NFA eyes suit vs trader with P21-M rice shipment-A A +A
Friday, January 17, 2014
THE National Food Authority (NFA) is considering filing charges against the Dabawenyo businessman who is seeking the release of his P21 million worth rice shipment despite having no license to trade rice and import permit.
Lawyer Marian Theresa Villafuerte of the NFA legal affairs, in an interview after the hearing at the sala of the Regional Trial Court Branch 16, said the plaintiff Joseph Mangupag Ngo could be liable for administrative and criminal charges after the latter was found to have no license to engage in rice trading and for not securing an import permit from NFA.
"This is a violation of Presidential Decree no. 4 and a violation of the NFA Charter. So we can file an administrative or criminal case for engaging in rice business without the corresponding license," Villafuerte said.
The NFA's legal counsel, however, said the filing of charges against Ngo is yet to be decided as they are still to discuss it with NFA administrator Orlan Calayag.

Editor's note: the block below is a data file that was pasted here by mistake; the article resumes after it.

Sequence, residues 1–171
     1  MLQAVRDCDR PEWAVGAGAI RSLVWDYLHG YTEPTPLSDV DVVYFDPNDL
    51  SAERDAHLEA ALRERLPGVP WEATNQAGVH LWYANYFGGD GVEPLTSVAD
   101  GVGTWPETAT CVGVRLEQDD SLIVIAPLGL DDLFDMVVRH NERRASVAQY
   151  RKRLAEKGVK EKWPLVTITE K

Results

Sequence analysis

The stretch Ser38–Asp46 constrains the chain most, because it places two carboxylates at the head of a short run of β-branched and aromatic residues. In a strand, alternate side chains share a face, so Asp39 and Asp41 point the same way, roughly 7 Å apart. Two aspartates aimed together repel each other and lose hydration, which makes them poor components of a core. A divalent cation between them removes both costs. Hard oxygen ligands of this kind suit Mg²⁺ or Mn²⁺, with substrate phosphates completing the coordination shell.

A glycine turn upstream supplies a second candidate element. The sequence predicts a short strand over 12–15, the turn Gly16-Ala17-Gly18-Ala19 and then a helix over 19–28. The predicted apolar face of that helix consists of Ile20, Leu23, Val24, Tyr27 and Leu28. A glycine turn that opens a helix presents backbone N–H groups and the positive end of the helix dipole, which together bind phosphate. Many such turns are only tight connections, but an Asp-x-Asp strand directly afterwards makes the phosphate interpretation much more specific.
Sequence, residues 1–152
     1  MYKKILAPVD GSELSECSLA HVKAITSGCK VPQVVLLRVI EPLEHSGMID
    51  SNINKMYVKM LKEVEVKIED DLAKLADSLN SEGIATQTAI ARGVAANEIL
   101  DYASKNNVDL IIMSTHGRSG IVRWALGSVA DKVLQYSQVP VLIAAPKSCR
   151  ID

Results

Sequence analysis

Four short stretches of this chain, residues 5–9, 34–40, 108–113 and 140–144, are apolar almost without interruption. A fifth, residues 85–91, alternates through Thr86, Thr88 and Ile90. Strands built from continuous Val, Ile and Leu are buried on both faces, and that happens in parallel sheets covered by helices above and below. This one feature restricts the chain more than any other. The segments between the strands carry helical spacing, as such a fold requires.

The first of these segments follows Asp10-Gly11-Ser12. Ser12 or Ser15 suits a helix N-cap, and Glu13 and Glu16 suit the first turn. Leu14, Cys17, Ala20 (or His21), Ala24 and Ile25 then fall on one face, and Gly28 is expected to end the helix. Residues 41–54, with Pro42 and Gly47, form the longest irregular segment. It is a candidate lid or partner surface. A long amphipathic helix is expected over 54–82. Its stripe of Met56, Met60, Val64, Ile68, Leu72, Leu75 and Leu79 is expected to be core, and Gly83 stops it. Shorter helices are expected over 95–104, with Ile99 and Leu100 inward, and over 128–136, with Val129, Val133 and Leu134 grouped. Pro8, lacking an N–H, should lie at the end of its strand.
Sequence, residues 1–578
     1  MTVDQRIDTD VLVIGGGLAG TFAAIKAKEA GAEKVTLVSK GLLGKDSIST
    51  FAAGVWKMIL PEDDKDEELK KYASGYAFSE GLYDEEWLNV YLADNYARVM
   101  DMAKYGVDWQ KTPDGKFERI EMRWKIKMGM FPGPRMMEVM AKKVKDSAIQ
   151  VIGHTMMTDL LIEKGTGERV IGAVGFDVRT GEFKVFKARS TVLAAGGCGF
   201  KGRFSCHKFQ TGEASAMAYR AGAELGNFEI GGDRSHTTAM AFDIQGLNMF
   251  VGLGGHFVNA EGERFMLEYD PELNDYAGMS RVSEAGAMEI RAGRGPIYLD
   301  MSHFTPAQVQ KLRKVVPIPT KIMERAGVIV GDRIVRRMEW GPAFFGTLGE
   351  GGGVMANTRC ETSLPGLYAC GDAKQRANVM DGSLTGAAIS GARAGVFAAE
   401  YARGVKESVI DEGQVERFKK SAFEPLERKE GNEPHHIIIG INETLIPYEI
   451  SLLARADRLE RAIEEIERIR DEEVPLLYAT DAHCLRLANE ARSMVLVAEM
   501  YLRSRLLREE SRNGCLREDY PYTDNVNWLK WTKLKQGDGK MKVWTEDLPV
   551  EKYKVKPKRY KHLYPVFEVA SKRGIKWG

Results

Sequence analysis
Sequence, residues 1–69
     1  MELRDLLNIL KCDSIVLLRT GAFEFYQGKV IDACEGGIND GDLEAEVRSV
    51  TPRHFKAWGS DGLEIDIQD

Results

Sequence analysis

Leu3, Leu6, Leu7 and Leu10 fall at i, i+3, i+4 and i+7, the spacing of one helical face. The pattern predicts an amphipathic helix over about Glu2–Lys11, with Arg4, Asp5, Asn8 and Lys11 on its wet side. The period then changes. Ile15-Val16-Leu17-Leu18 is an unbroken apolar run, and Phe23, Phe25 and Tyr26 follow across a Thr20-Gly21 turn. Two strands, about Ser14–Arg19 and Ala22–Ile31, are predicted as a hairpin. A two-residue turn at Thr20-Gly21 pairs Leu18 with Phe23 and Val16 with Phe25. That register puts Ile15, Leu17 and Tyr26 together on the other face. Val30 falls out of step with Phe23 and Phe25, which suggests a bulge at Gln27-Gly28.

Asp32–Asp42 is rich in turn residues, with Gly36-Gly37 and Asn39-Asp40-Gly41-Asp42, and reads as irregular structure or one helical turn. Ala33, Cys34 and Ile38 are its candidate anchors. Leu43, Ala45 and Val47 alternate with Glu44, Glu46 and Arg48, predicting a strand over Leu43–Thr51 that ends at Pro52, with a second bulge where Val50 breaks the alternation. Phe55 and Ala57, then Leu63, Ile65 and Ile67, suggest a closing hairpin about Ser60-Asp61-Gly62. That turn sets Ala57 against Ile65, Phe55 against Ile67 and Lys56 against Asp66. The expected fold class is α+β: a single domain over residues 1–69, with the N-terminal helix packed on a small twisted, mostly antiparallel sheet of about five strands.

"We are just counsels for NFA and for the filing of cases we leave it to the NFA administrator and the director for NFA legal affairs if there will be any instruction for us to file any cases against the plaintiff," Villafuerte said.
The plaintiff's legal counsel Ferdinand Taglucop, on the other hand, refused to comment on the possible charges that may be filed against Ngo.
In addition, Villafuerte stood firm on their contention against the writ of preliminary injunction granted to Ngo saying that Ngo has no legal right on the rice imports as he merely made agreements with the consignee of the bills of lading, Starcraft International Trading Corp.
"He is not the importer. He is a mere buyer of the rice. Therefore, we are saying that he has no legal personality to file this case because a mere execution of agreement to buy the rice is not enough for him to be clothed with legal personality to file this case. If you are an ordinary buyer, you won't buy something that is not yet legally available because it is still with the Bureau of Customs," Villafuerte added.
Lawyer Arnold Aggalao also of the NFA legal affairs, for his part, reiterated that even if Ngo already paid taxes for nine out of the 15 bills of lading, he still has to secure an NFA permit.
He also said that the contention of Ngo on the expired exemption of the Philippines from the General Agreement on Tariff and Trade (GATT) of the World Trade Organization (WTO) is invalid since a private individual has no right to question the guidelines of WTO.
The court gave Ngo and Taglucop five days to comment on the motion to lift the writ of preliminary injunction filed by NFA while the latter was also given five days to comment on the motion for clarification filed by the plaintiff who sought to have the arguments of NFA clarified.
Published in the Sun.Star Davao newspaper on January 18, 2014.